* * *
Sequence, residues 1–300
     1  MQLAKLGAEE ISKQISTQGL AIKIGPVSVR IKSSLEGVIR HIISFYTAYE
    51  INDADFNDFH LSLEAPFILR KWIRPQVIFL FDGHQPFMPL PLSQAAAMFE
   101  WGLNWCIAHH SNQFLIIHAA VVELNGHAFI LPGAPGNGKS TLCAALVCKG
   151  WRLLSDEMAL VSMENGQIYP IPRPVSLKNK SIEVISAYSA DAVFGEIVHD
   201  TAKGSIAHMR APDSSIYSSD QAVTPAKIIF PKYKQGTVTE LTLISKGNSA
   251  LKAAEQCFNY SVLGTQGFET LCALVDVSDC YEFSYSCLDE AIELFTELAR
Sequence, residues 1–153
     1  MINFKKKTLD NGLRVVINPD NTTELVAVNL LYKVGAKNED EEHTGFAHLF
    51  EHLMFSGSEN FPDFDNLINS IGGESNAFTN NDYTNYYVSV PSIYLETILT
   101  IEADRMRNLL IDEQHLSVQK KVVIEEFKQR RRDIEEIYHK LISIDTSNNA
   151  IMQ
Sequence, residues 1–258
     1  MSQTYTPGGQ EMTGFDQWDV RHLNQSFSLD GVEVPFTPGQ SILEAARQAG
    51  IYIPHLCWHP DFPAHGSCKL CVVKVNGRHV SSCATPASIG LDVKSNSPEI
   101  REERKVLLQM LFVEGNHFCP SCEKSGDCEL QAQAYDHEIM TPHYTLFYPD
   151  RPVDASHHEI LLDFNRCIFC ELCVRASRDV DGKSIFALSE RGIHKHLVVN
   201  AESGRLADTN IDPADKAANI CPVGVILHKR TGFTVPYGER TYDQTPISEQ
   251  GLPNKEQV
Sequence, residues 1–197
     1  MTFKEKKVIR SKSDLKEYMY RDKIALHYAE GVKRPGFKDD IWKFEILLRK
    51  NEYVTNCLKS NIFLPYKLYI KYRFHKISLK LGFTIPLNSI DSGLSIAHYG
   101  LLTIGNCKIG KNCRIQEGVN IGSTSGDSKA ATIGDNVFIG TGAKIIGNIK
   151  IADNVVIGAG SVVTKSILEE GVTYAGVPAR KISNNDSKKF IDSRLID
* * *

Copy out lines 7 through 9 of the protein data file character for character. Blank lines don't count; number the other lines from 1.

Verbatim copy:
   251  LKAAEQCFNY SVLGTQGFET LCALVDVSDC YEFSYSCLDE AIELFTELAR
Sequence, residues 1–153
     1  MINFKKKTLD NGLRVVINPD NTTELVAVNL LYKVGAKNED EEHTGFAHLF